United Nations Peacekeeping Operations (UNPKO) are deployed to create, maintain, and secure peace in countries and regions struggling with violence and war. The environmental sustainability of UNPKO mission sites is not essential to the purpose of each deployment, but good sustainability practices can benefit the mission, host nation, troop-contributing countries, and the global environment. As a major contributor to UNPKO efforts, the United States has a direct interest in improving the sustainability and cost-effectiveness of each mission. This paper identifies gaps in sustainability practices at local and organizational levels and recommends an increased focus on sustainability practices that can benefit the mission, host nation, troopcontributing countries, and the environment.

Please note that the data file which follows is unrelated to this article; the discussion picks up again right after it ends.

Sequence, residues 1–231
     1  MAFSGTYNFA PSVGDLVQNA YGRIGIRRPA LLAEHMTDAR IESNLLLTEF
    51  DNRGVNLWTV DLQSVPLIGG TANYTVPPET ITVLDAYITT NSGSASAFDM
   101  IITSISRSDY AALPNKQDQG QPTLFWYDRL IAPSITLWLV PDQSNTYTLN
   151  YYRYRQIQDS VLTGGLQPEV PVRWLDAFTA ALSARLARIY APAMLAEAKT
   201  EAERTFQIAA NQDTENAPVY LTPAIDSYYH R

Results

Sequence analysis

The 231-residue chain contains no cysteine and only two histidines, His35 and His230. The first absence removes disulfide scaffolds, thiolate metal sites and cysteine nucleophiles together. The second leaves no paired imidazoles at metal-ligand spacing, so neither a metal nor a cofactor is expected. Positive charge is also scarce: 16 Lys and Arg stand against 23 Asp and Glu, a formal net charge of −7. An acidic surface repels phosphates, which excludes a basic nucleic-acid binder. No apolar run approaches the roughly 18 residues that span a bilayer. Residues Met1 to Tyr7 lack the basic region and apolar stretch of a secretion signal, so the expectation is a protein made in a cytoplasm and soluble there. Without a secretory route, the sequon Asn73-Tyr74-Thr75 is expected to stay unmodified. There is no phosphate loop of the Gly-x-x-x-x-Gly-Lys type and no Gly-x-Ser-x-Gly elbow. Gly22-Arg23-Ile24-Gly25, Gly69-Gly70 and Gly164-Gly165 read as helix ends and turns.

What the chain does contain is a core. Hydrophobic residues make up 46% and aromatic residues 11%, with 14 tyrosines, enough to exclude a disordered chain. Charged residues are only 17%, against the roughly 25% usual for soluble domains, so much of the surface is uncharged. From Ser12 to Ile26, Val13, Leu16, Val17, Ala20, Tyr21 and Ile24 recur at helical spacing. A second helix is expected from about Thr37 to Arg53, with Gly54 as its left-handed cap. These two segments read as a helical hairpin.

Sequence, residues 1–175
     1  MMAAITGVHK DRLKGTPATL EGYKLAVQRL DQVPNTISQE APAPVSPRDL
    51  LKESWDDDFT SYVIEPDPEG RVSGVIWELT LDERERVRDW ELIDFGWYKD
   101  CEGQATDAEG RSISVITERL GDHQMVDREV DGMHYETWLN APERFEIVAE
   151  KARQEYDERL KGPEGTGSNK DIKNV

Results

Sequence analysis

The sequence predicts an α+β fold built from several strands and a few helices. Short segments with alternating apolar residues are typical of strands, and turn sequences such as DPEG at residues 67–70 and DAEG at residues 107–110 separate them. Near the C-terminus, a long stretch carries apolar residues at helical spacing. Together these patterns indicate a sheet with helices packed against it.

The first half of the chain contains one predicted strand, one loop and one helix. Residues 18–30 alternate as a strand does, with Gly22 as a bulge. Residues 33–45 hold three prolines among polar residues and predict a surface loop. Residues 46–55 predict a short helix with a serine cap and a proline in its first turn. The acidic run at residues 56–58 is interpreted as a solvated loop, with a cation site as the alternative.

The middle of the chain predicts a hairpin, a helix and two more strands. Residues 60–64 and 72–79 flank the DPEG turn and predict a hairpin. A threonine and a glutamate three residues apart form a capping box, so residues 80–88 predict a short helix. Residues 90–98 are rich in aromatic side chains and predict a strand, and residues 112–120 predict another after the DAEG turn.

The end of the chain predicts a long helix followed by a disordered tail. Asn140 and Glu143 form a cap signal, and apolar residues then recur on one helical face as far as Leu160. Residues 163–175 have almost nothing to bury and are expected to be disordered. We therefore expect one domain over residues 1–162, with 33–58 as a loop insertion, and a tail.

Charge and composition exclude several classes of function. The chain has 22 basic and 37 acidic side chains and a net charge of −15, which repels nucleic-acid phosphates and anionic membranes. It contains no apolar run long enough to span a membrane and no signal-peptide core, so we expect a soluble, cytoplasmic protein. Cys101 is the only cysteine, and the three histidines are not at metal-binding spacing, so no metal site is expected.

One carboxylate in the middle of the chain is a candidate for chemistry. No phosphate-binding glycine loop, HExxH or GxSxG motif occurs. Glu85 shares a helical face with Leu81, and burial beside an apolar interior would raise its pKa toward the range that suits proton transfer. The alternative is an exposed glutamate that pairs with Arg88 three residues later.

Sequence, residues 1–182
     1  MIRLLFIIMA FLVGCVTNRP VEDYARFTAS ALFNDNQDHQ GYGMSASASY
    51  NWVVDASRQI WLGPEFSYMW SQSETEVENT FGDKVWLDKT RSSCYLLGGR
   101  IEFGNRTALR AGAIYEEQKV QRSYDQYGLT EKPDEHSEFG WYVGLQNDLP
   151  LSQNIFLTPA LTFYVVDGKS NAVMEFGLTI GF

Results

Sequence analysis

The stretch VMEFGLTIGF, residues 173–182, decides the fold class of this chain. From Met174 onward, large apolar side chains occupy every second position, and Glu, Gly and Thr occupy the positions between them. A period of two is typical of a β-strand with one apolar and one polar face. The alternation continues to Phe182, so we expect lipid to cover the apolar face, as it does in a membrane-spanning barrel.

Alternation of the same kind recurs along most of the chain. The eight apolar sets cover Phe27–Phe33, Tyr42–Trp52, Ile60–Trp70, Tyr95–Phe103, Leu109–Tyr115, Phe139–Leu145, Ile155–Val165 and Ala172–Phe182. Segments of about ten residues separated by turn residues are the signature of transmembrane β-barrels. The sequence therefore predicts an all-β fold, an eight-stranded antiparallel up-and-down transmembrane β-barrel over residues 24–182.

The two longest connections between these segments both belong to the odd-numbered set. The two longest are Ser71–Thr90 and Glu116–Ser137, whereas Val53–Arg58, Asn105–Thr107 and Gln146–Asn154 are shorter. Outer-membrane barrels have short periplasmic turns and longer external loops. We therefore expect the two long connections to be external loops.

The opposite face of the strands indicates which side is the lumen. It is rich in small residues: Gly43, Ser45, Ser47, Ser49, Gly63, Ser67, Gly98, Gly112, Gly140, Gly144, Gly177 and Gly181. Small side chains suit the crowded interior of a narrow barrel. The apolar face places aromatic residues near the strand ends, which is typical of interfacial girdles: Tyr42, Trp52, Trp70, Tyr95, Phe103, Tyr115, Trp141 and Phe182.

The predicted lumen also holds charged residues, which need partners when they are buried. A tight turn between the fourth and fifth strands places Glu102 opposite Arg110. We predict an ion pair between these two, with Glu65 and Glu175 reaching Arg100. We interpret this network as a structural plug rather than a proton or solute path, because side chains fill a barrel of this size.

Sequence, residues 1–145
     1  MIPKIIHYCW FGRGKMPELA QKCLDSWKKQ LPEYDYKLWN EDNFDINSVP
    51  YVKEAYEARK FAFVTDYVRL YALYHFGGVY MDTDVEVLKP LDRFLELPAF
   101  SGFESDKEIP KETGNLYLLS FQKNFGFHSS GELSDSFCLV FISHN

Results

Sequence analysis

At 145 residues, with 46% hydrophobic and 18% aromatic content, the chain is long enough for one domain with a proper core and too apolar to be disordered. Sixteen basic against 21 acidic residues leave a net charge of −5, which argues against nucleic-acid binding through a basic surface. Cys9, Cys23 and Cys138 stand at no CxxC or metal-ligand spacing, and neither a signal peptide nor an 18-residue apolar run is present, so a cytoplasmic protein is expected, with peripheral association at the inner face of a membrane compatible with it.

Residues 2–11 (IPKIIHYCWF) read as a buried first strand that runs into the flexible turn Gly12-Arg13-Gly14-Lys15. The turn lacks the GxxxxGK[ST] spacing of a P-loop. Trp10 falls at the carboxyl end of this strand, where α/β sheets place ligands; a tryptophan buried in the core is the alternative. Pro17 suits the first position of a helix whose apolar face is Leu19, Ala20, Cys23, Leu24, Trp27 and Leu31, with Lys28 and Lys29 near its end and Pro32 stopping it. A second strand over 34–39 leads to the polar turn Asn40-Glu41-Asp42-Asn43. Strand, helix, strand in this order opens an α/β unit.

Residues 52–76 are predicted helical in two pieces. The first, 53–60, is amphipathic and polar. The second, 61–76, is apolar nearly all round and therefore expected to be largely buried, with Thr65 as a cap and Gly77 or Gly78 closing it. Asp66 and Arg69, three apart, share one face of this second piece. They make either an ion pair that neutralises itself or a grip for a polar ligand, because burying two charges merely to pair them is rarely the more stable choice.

Oct. 2, 2018

China's Strategic Support Force: A Force for a New Era

In late 2015, the People’s Liberation Army (PLA) initiated reforms that have brought dramatic changes to its structure, model of warfighting, and organizational culture, including the creation of a Strategic Support Force (SSF) that centralizes most PLA space, cyber, electronic, and psychological warfare capabilities. The reforms come at an inflection point as the PLA seeks to pivot from land-based territorial defense to extended power projection to protect Chinese interests in the “strategic frontiers” of space, cyberspace, and the far seas. Understanding the new strategic roles of the SSF is essential to understanding how the PLA plans to fight and win informationized wars and how it will conduct information operations.

Aug. 13, 2018

Joint Force Quarterly 90 (3rd Quarter, July 2018)